personable 27 occurrences

But they can't say I am too young now," and with that easy skill which is one of the secrets of youth, he managed to contemplate himself, serenely conscious that he was personable and "right.

Still, it was a tolerably personable figure that suffered Lanyard's critical inspection.

For he was not only a personable person in those days, with a suggestion of devil-may-care in his air that measurably lifted the curse of his superficial foppishness, but he was putting a spoke in Prince Victor's wheel.

" "Oh," said Sofia with a good show of indifferenceshe was so tired"that!" "Believe me, little Sofia"Victor put out a hand to hers, and held her eyes with a compelling gaze"boy-and-girl romance is all very well, but there is a greater destiny reserved for you than marriage to a hired secretary, however amiable, personable, and well-meaning.

But that so personable a man as Endymion Westcote would let the family perish was monstrous to suppose.

" CHAPTER X Andrew Slate, a very personable man in his spring clothes of grey tweed, took up his hat and prepared to depart.

Indeed, all old gentlemen are prone to choose the most personable and virile young man they can find for themselves to have been like.

Adj. beautiful, beauteous; handsome; gorgeous; pretty; lovely, graceful, elegant, prepossessing; attractive &c (inviting) 615; delicate, dainty, refined; fair, personable, comely, seemly; bonny

"You must wait awhile for Florence," I continued; "she is four years old, and twelve years hence you will yet be quite a personable individual.

I caught a peep at another soldier, who was flirting with a personable Flemish scullery maid behind the protection of the kitchen wall.

And how do they suppose so popular and personable man as Taradine could come back to England under an assumed name without a number of highly inconvenient questions being asked?

And his eyessurely you noted his eyes, Betty?" "Yes," replied Betty, blushing with remembrance of the parting glance the hazel eyes had bestowed upon her; "he is a personable fellow enough.

She describes him as a fine personable youth, and I think it maybe Oliver's friend, young Otis, who in expected at the Tracys' on a visit from Boston.

I think I have heard something of a handsome young lawyer from Branford" "Fie!" cried Sally, in her turn averting her face quickly, but not before Betty had perceived her heightened color, "I have but met him three times, and there are plenty of other personable men as well as he, for while one stops with Dolly the officers from Fort Trumbull are ever coming and going, you know.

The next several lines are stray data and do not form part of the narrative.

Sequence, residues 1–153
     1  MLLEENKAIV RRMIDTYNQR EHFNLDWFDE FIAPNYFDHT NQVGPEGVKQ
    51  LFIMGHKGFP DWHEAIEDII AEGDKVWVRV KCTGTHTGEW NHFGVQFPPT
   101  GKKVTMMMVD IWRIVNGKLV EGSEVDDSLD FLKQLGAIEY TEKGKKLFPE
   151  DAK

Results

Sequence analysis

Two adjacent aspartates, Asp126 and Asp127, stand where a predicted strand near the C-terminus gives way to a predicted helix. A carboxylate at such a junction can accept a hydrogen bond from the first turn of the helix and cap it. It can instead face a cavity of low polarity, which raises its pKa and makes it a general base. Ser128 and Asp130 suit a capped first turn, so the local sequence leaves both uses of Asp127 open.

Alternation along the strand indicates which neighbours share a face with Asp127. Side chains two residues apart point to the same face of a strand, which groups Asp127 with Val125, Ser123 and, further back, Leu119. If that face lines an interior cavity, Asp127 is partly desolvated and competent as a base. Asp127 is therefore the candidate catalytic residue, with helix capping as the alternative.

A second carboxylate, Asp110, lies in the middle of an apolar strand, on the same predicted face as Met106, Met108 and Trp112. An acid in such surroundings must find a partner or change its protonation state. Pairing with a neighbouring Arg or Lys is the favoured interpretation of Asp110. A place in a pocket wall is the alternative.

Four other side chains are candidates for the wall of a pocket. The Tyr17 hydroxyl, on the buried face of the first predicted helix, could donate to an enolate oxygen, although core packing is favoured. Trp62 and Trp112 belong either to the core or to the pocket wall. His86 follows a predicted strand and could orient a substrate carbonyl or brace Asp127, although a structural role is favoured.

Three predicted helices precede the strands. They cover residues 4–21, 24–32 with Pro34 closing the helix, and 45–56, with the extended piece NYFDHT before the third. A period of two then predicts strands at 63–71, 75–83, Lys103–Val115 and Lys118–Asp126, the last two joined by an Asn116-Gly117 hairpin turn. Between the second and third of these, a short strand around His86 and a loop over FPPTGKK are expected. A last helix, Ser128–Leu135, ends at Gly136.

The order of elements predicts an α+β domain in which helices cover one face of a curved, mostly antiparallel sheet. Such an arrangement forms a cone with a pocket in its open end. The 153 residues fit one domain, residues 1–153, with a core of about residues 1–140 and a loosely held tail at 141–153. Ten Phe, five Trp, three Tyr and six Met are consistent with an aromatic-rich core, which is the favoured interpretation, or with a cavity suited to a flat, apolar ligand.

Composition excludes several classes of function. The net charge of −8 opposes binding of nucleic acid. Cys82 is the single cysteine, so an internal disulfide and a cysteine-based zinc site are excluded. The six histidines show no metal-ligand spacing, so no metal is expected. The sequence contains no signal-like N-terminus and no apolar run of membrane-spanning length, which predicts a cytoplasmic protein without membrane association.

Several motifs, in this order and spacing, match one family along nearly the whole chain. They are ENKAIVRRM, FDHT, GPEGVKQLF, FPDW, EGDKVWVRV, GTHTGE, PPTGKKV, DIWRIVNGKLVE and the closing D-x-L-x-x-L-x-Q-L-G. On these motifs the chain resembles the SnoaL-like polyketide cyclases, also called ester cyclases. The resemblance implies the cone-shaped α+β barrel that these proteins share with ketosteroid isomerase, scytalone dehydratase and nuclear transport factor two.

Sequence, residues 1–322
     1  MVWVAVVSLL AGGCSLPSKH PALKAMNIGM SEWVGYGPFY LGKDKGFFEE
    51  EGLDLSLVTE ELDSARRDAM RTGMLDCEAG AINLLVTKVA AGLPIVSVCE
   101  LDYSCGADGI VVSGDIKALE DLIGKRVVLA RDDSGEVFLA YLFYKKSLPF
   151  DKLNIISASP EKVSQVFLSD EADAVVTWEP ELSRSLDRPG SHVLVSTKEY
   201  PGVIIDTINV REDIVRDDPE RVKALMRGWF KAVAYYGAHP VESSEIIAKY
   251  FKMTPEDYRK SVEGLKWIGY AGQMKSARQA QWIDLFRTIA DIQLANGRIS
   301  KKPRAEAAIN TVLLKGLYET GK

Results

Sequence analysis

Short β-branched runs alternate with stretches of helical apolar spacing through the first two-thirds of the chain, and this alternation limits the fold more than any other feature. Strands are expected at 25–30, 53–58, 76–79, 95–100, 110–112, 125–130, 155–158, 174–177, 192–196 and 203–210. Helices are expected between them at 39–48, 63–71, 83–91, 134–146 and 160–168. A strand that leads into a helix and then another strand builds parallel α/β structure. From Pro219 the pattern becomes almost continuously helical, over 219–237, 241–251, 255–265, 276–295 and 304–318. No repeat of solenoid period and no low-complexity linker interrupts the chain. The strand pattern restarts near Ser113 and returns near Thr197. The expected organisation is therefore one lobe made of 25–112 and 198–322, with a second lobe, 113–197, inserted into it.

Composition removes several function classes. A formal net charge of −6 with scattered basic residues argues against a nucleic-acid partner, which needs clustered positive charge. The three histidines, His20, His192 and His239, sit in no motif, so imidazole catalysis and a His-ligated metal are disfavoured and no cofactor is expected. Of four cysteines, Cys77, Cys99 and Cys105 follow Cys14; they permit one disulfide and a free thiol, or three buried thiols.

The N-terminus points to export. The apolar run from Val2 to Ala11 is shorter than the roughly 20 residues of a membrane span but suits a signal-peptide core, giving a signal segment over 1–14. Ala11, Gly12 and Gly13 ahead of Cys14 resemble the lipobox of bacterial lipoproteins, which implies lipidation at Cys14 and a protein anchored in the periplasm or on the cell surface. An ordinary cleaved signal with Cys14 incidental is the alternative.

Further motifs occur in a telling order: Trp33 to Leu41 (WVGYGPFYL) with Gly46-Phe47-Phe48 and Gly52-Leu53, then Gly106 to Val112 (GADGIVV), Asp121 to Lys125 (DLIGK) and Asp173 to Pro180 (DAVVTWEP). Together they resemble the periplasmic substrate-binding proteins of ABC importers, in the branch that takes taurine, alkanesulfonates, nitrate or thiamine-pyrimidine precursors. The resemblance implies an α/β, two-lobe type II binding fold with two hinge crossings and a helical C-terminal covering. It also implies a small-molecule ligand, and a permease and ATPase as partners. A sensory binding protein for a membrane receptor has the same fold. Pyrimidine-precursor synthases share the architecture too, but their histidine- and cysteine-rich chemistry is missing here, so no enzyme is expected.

She was not a woman of lofty ideals; with her a man was a man "For a' that an' a' that;" and, aside from the accident of color, uncle Wellington was as personable a man as any of her acquaintance.

He kiss'd no hand, he bent no knee, Nor measur'd steps of one, two, three, But made a careless, slouching bow, And said, "Your highness will allow, That I am personable, tall, A rather handsome face withal, And fit to serve as volunteer, At least as any present here!

I remember a well-dressed personable man, of what, after the fashion of the nomenclature in the Chamber of Deputies, might be called the young middle-age.

Indeed, it had been said, that, when, just after the declaration of peace, he walked through the town in the commemorative procession side by side with General Washington, the minister, in the majesty of his gown, bands, cocked hat, and full flowing wig, was thought by many to be the more majestic and personable figure of the two.

Perhaps it is from some general notion of their impropriety, that several words of this doubtful character have already become obsolete, or are gradually falling into disuse: as, accustomable, chanceable, concordable, conusable, customable, behoovable, leisurable, medicinable, personable, powerable, razorable, shapable, semblable, vengeable, veritable.

I could get you to meet Mickhe mayn't be so personable as our Peter," he reflected, with evident pride in his weedy firstborn, and he got no farther, for I had been as a yeast-bottle bubbling up, and now went off bang!

Don't ye be in a hurry; ye're personable enough in yer way, and there's as good fish in the seas as ever come out of 'em.

Monica's young man is the son of a yeoman farmer, personable, certainly, on horseback and of a blood older than the Sampfords', but an essential resilient, and altogether impossible when playing the concertina or after mixing his drinks (or both).

The major, a tall, personable man, stood up in the cart.

The King is a personable man; but, my dear sister, he has a certain countenance, which you and I have often remarked: a red face and white eyebrows.

Still he said it was possible that the Coquette might yet be ordered for service among the islands!" It has been said, that Oloff Van Staats was a fair personable young man of vast stature, and with much of the air of a gentleman of his country; for, though a British subject, he was rather a Hollander in feelings, habits, and opinions.

He was a personable youth enough.

She was not, as the world in general is aware, a handsome, or even a personable woman.